Spag's concentrates more on general merchandise. It sells fresh food, and it operates a garden shop.
Neither business discloses annual revenues. Mr. Ellis would only say that Building 19's sales so far this year are 18 percent above sales at the same time last year.
The differences between the two companies raise questions about what Building 19 hopes to gain from the acquisition of Spag's, said Scott F. Bearse, a retail expert and partner in Deloitte Consulting.
“This segment is one of the retail segments that is doing well right now,” Mr. Bearse said. “I think there's an interesting question of what's the purpose of the investment. Why do they think this is a good idea?”
Because they can learn something from each other, Mr. Ellis said. Building 19 officials particularly want to learn about Spag's garden business and expand that to Building 19 stores, he said.
“They do some things better than we do,” Mr. Ellis said. “We do some things better than they do. We'll teach each other.”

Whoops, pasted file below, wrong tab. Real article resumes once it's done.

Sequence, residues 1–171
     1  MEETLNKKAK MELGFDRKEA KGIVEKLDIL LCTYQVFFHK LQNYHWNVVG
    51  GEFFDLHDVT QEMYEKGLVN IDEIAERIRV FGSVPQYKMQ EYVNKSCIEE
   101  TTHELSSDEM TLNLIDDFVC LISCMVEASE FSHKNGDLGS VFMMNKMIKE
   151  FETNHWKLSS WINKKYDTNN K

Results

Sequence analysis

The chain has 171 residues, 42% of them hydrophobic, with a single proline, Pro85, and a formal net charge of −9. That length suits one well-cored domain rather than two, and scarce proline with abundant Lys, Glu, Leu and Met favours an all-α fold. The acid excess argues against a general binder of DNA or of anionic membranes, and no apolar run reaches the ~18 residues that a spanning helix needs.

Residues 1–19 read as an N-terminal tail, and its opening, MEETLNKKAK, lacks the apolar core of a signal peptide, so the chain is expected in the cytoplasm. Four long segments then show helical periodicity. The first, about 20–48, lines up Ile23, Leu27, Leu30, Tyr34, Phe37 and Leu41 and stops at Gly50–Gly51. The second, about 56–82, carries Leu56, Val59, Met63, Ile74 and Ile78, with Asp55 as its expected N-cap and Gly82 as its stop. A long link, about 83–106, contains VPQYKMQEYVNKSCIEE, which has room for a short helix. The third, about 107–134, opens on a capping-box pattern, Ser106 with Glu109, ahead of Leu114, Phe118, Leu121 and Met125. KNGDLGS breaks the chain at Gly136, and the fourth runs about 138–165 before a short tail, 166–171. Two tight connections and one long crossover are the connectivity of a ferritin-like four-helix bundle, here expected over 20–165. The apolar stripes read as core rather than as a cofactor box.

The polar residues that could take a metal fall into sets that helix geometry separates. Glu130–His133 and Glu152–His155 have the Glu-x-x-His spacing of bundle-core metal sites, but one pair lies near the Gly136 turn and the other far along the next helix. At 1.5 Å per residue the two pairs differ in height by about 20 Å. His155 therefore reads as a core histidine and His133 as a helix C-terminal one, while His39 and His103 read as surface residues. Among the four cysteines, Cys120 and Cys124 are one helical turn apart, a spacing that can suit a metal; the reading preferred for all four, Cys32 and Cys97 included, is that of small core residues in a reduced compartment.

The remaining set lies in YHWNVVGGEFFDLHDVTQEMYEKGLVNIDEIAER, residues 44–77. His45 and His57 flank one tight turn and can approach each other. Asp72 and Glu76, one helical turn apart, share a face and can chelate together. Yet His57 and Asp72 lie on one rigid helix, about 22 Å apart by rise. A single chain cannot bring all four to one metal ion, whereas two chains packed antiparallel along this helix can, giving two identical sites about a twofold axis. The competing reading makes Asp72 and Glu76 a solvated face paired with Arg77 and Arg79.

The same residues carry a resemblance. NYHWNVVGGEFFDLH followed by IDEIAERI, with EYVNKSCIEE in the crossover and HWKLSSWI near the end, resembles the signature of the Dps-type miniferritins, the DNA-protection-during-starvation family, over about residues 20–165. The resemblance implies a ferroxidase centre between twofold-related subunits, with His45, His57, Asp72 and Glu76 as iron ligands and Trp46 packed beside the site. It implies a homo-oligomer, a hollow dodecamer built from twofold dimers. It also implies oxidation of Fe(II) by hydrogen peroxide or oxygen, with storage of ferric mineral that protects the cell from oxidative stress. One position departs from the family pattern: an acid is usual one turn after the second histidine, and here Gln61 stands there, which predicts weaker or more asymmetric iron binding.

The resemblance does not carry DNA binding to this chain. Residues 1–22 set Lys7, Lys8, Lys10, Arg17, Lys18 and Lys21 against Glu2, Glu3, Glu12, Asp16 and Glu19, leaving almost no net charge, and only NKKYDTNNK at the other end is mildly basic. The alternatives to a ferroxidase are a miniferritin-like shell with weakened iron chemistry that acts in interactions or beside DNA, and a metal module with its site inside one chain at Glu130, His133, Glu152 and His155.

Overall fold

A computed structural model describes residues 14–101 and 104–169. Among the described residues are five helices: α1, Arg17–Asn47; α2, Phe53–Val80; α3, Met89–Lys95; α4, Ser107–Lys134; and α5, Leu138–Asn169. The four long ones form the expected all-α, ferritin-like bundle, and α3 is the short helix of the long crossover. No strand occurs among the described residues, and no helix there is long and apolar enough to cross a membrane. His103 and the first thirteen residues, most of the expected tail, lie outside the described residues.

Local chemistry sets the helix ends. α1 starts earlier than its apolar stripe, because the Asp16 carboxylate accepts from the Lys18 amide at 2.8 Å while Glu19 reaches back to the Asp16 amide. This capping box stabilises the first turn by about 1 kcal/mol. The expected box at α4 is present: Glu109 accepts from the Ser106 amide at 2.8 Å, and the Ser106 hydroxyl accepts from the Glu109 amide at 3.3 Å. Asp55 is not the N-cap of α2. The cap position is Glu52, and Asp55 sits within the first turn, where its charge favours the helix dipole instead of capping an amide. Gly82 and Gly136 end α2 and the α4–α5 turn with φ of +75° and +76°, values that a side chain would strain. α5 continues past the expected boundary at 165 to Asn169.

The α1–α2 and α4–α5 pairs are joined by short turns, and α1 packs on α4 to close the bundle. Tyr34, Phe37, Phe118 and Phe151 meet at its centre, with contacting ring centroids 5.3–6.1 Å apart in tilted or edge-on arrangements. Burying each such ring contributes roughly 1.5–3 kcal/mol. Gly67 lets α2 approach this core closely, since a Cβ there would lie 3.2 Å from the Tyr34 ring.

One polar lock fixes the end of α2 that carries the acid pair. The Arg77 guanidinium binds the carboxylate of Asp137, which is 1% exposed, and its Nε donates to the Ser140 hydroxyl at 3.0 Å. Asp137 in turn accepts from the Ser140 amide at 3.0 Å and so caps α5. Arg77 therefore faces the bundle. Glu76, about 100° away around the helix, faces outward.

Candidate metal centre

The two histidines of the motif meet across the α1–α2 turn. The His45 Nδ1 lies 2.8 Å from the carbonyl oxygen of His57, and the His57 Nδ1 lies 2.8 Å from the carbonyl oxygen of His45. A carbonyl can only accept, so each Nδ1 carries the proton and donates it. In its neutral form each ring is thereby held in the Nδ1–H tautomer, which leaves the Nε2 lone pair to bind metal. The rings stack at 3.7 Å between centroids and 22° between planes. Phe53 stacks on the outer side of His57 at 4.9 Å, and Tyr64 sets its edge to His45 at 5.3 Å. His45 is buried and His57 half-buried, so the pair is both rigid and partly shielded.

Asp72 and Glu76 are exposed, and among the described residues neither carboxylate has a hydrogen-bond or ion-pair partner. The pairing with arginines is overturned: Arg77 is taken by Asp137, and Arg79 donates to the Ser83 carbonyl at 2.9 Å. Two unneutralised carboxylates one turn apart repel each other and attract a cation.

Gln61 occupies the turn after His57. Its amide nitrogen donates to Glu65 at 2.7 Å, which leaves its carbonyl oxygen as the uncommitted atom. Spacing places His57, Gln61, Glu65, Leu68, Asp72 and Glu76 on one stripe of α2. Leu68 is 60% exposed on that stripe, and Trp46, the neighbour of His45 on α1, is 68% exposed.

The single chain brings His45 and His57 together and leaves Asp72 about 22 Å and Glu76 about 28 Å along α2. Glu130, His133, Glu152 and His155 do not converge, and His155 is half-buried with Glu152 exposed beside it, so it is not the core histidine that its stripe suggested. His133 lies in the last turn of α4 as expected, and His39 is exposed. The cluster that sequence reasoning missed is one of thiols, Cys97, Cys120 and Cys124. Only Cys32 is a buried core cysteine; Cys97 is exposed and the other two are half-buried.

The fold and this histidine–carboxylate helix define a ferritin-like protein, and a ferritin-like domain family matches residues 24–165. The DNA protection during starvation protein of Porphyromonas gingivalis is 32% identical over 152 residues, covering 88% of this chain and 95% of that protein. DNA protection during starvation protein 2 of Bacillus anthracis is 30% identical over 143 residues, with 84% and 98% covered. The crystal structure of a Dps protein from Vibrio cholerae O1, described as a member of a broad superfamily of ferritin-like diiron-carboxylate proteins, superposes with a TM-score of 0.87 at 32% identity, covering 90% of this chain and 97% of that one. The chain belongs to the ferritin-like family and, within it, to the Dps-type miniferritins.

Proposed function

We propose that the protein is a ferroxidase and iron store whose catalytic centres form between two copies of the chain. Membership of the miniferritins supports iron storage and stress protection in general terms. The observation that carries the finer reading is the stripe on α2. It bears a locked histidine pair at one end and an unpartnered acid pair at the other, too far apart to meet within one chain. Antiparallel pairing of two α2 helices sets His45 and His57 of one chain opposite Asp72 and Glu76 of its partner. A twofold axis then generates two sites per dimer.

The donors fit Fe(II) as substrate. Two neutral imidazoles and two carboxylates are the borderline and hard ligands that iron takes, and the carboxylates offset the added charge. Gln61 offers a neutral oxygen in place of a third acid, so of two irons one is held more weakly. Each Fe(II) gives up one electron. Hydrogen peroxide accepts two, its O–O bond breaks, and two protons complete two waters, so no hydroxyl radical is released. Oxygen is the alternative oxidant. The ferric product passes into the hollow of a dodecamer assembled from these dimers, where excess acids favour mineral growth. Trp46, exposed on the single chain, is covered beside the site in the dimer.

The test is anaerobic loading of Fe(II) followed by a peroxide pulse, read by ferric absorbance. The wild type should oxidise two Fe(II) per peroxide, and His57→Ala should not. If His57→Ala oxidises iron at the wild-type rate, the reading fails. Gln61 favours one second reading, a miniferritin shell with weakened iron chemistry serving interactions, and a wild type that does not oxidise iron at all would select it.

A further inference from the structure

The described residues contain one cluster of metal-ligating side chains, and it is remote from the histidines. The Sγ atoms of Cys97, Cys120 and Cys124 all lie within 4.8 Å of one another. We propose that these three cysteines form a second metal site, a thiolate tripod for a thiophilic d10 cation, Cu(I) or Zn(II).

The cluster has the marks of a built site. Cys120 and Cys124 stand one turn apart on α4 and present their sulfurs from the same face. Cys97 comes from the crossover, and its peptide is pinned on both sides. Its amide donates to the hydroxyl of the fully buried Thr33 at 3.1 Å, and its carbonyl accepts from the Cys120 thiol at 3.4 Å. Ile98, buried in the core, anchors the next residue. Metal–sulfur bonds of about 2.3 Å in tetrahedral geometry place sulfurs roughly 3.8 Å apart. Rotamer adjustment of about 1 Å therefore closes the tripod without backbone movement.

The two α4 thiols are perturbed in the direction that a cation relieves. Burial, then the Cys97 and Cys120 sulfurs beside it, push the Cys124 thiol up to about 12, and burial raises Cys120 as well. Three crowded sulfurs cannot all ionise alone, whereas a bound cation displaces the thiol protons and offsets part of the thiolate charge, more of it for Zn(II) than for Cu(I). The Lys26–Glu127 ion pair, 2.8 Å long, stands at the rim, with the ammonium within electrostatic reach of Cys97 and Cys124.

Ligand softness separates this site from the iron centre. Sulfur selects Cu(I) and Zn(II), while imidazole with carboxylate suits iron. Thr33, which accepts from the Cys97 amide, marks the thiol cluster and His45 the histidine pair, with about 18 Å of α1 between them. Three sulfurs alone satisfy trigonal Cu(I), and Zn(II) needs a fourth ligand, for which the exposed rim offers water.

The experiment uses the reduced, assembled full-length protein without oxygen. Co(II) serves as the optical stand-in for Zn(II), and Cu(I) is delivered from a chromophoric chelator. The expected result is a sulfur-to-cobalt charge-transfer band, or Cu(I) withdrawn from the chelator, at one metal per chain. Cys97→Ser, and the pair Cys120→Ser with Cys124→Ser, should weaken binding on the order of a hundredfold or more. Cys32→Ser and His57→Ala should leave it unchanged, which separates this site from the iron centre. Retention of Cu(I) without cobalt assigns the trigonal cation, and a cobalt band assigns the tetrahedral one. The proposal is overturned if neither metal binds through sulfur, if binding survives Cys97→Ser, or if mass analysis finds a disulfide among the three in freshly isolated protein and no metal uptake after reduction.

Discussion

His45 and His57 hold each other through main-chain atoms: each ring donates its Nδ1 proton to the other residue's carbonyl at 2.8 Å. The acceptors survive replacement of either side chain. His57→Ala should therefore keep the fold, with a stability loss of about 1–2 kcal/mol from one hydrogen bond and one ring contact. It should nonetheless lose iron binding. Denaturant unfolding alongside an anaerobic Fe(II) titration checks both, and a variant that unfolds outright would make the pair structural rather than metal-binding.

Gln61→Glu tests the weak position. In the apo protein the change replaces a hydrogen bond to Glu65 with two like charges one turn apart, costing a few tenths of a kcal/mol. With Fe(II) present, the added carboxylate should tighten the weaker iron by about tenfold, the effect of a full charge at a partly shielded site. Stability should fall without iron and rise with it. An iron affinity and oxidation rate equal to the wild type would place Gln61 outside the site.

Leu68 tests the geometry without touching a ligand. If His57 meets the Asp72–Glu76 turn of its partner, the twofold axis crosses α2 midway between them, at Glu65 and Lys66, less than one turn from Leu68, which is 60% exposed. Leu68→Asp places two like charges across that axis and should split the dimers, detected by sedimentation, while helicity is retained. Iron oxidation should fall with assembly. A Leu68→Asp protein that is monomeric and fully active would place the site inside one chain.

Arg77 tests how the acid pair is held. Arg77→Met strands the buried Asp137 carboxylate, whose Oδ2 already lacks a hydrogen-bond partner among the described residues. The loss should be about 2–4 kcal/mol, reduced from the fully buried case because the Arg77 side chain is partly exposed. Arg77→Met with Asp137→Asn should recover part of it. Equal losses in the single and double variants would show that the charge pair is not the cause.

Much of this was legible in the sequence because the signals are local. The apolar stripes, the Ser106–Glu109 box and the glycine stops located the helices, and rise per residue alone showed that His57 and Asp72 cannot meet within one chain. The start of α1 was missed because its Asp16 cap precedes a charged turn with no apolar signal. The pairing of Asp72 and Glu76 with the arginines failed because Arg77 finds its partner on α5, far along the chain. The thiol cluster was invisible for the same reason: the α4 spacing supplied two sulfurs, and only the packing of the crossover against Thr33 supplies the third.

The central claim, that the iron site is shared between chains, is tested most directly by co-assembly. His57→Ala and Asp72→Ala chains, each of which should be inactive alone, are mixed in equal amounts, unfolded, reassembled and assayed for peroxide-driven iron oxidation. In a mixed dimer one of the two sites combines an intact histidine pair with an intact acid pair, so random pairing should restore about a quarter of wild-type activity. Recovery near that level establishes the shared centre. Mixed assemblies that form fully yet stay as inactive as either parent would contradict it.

One of the first changes the new owners may make will be to reopen the first floor of the Olde School House Building at 35 Harrington Ave.
Spag's closed the space earlier this year and consolidated all of its merchandise in its main building on Route 9. But Building 19 officials are hoping to fill that empty space with rugs, furniture and other large items.
Some things will not change. The owners expect to continue working at the store part time, Mr. Kirby expects to remain as chief operating officer and in the spring, the store will stick with one honored tradition.
It will give away tomato plants.
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|#2 Posted on 10.10.02 0932.33 |
Reposted on: 10.10.09 0934.36
| When I was in College in Worcester I frequented Spags, nice and cheap. But Im not sure this is not surviving against big business, building 19 isn't exactly a multi national conglomerate. From my one visit (last moth near Boston) it seems to sell mostly crap. |
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|#3 Posted on 10.10.02 0954.52 |
Reposted on: 10.10.09 0959.07
| True, Building 19 is closer to a flea market than a mulitnational corporation ... Perhaps I should have said "The family-owned business can't survive anymore". That's the point I was trying to make - Spag's had been family owned and operated for over 60 years, but once all the big-time stores started breathing down their necks (Wal*Mart, etc), they could no longer compete and had to sell.|